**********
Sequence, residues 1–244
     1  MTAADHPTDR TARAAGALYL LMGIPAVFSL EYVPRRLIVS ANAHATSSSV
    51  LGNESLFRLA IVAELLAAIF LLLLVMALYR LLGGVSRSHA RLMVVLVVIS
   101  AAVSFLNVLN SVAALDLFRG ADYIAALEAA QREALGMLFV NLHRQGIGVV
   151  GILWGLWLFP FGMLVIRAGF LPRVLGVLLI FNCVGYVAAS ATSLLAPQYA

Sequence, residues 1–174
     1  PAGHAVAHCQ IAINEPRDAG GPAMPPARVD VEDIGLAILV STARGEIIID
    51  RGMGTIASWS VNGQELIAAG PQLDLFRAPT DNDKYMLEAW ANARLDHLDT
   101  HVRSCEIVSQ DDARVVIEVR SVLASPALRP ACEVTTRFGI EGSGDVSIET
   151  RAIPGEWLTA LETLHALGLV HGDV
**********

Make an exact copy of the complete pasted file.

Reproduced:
Sequence, residues 1–244
     1  MTAADHPTDR TARAAGALYL LMGIPAVFSL EYVPRRLIVS ANAHATSSSV
    51  LGNESLFRLA IVAELLAAIF LLLLVMALYR LLGGVSRSHA RLMVVLVVIS
   101  AAVSFLNVLN SVAALDLFRG ADYIAALEAA QREALGMLFV NLHRQGIGVV
   151  GILWGLWLFP FGMLVIRAGF LPRVLGVLLI FNCVGYVAAS ATSLLAPQYA

Sequence, residues 1–174
     1  PAGHAVAHCQ IAINEPRDAG GPAMPPARVD VEDIGLAILV STARGEIIID
    51  RGMGTIASWS VNGQELIAAG PQLDLFRAPT DNDKYMLEAW ANARLDHLDT
   101  HVRSCEIVSQ DDARVVIEVR SVLASPALRP ACEVTTRFGI EGSGDVSIET
   151  RAIPGEWLTA LETLHALGLV HGDV